Iowa Gov. Kim Reynolds (R) scored a major legislative victory last week, ushering into law one of the nation’s most sweeping school choice plans.
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Reynolds recently spoke with CBN’s Faithwire and explained why she’s passionate about bringing school choice to the students and families in her state.
“I believe parents should be able to decide what is the best environment for their child to be everything that they can be,” she said, explaining why so many parents have become more active in their children’s education. “COVID really put a fine point on that, because it gave parents a front-row seat to what was happening in their child’s classroom. And … a lot of them didn’t like what they were seeing.”
Reynolds made education reform a top administrative priority, championing the new law allowing parents to use public funding to send their children to private schools if they so choose.
She believes her plan will make a significant difference in the lives of parents, kids, and families.
“The bottom line is: all parents, not just a few, should have the opportunity to choose and have that choice, whether it’s faith-based, or academic, or whatever that may be,” Reynolds said. “That parent, as long as it’s in an accredited private school, should have the opportunity to make that choice.”
Watch Reynolds tackle teachers’ unions, education, and her new school-choice plan:
The plan, which the governor said is the “most aggressive” in the U.S., will become universal over the next three years. Each student will be entitled to around $7,600 per year, which will be available in an educational savings account. The sum is based on the cost of public school per pupil.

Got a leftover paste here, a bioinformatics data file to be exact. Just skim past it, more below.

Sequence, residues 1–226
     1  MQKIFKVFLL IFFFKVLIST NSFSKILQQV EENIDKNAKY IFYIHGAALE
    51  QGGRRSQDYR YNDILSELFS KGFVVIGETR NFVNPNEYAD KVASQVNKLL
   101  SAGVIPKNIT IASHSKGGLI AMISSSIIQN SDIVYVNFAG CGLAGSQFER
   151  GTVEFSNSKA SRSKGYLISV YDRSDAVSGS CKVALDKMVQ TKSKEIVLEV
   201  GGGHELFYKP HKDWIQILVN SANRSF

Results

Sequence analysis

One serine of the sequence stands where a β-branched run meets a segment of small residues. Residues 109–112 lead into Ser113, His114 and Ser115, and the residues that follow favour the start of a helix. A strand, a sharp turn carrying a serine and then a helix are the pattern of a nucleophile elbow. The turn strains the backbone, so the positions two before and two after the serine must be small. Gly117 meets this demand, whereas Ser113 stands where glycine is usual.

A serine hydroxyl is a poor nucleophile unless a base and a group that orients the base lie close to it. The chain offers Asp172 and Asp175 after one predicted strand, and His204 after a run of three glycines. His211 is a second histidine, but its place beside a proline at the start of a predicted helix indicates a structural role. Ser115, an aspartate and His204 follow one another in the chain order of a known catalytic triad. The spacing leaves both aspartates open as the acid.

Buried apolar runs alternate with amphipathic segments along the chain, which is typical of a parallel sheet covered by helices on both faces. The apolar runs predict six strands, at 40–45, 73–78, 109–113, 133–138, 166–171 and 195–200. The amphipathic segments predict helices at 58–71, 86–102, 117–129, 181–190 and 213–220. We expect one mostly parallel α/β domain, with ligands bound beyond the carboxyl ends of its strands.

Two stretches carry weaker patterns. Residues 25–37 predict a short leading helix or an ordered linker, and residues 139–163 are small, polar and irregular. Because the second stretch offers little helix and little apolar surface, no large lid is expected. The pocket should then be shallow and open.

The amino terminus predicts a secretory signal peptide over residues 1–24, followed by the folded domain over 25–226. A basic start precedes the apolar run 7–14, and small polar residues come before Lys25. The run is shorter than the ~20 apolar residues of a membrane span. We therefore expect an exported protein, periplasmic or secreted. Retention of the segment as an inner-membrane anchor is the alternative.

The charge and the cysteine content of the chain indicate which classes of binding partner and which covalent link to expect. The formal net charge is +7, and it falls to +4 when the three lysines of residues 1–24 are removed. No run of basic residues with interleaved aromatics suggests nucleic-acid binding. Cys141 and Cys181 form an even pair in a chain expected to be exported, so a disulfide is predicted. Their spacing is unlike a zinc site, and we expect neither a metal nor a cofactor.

Reynolds responded to critiques from union leaders like Randi Weingarten, president of the American Federation of Teachers, who likened this plan to “schemes to funnel taxpayers’ money to the wealthy few.” Some warn the plan could damage public education.
The governor dismissed such claims, stating the pushback is centered on worries the law threatens teachers’ unions’ existence.
“And how ridiculous this is? The same individual that fought and fought and fought to keep our kids out of the classroom … as late as the summer of 2021, they were still advocating for kids not to be in the classroom,” she said, speaking of Weingarten. “I can’t think of a person that’s done more for school choice than Randy Weingarten and the crazy things that she’s done. She’s like our biggest advocate.”
Reynolds said Weingarten has “mobilized parents across the country” due to her handling of the “woke agenda, the indoctrination, the sex education that they’re bringing into the school system.”
Ultimately, she believes Americans are intensely frustrated with the status quo in education — as well as the infusion of the aforementioned subject matter.
“Parents have had it. They [want] a quality education for their children,” Reynolds said. “They want them to learn the basics, and then they will take care of the parenting at home.”
The governor decried “the woke agenda, the indoctrination, the sex education” that she said is coming into public schools. Reynolds believes her plan will force some schools to potentially think twice about what’s making its way into classrooms.
“I believe this will elevate all of education,” she said of the new law.
Parental rights extend beyond education, with Reynolds looking to push other measures cementing parents’ rights over their children.
“They’re going to have to rethink what they’re, how, and what they’re educating our children with,” she said. “So, ultimately, this … will be the biggest driver in impacting what our public schools are teaching.”
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